A 15-year-old girl presented with a one-year history of progressive quadriparesis, diplopia, dysphagia, dysarthria, and unsteadiness of gait with frequent falls to either side. Her neurological examination revealed upper motor neuron type of quadriparesis with multiple cranial nerve involvement (V, VI, IX, X, and XII). There were no clinical or laboratory signs of infection. Brain MR imaging (MRI) demonstrated an atypical intra-axial pontomedullary lesion, which had a high T1 signal, a low T2 signal, and subtle contrast enhancement [Figure 1]. Initial working diagnoses included intrinsic brainstem astrocytoma and cavernoma. For further confirmation, a diffusion-weighted imaging (DWI) sequence was obtained [Figure 2], which revealed a bright signal within the tumor suggestive of an epidermoid cyst rather than a cavernous malformation or brain tumor. The patient underwent a midline suboccipital craniotomy. On splitting the vermis, the floor of the fourth ventricle was exposed and found to be distended from the underlying cyst. A myelotomy was performed through the thinned-out floor, revealing a pearly white, viscous substance that was resected gross totally with the aid of micro-neurosurgery. Postoperatively, the patient experienced mild, transient sixth cranial nerve palsy that resolved completely within several weeks. Postoperative computed tomography (CT) scan confirmed the intraoperative impression of gross-total removal [Figure 3], and histological testing confirmed the presence of an epidermoid cyst.
|Figure 1: Sagittal T1-weighted brain magnetic resonance imaging showing an apparently intra-axial space-occupying lesion of the pontomedullary region (a) with subtle contrast enhancement (b), the lesion is hyperintense in axial T1-weighted images (c) and hypointense in T2-weighted images (d)|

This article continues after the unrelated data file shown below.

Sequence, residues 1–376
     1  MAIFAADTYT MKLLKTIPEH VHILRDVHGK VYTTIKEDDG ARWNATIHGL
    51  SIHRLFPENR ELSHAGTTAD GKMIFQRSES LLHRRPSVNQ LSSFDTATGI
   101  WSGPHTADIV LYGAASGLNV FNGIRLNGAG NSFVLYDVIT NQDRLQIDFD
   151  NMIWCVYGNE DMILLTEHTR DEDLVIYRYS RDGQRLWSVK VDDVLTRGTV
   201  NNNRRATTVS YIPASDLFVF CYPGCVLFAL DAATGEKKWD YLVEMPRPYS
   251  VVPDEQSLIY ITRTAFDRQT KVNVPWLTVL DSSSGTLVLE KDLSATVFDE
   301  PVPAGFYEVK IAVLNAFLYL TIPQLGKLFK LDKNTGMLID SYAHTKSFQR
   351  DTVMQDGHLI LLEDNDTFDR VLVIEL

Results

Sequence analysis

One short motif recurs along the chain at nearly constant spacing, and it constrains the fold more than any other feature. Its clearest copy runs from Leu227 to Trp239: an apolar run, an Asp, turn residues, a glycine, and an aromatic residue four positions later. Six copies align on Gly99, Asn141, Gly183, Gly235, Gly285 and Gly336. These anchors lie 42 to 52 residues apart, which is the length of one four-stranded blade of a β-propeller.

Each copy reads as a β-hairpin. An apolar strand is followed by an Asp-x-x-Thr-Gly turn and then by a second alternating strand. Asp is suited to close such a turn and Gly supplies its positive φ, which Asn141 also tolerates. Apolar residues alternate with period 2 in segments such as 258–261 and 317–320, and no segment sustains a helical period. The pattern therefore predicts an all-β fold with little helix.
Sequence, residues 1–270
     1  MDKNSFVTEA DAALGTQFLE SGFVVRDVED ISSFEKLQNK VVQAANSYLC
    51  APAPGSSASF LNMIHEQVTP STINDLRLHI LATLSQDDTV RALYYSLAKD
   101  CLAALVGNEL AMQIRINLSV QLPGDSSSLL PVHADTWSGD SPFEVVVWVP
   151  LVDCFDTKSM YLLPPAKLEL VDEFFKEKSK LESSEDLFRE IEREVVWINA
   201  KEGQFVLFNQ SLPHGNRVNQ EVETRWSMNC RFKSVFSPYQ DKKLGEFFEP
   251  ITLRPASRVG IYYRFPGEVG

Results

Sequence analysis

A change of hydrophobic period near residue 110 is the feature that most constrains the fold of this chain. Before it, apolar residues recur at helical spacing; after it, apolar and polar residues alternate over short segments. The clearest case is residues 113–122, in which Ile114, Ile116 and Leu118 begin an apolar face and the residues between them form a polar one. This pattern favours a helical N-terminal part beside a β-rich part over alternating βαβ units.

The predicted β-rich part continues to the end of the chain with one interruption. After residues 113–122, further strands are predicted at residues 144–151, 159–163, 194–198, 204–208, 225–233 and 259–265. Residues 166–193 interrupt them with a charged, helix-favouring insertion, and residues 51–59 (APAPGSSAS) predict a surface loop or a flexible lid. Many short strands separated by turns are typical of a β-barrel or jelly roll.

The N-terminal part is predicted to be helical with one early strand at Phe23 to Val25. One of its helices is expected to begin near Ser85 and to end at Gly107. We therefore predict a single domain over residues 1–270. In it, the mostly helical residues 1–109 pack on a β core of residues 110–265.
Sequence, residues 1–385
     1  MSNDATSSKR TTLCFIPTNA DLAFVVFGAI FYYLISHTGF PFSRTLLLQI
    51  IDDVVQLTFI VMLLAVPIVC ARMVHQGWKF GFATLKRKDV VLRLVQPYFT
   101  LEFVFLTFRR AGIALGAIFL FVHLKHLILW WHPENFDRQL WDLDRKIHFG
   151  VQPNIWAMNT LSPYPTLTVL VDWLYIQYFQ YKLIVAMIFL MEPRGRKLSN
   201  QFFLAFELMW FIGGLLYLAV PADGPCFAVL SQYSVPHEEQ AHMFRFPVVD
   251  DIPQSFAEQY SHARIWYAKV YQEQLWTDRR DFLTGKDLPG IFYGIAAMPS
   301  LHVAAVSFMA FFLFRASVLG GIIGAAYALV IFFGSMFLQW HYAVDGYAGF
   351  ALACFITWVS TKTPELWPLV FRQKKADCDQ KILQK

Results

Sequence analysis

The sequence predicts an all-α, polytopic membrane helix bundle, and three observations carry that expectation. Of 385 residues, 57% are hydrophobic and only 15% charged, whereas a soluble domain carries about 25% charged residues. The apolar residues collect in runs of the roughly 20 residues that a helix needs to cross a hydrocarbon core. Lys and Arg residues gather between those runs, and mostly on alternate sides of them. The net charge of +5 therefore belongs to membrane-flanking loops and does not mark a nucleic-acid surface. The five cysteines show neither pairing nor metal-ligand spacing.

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|Figure 2: Magnetic resonance diffusion-weighted image revealing a bright signal within the tumor|
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|Figure 3: Postoperative computed tomography scans sagittal (a) and axial (b) demonstrate gross-total removal of the brainstem tumor|
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| Discussion|| |
Epidermoid cysts are rare, slow-growing, congenital, space-occupying lesions accounting for 0.2-1.8% of all primary brain tumors.  These primarily arise in the basal subarachnoid spaces and commonly involve the cerebellopontine angle and juxtasellar areas. ,,, Those located in the brainstem occur very rarely, and purely intrinsic lesions as described in the present case have been reported previously in five cases only.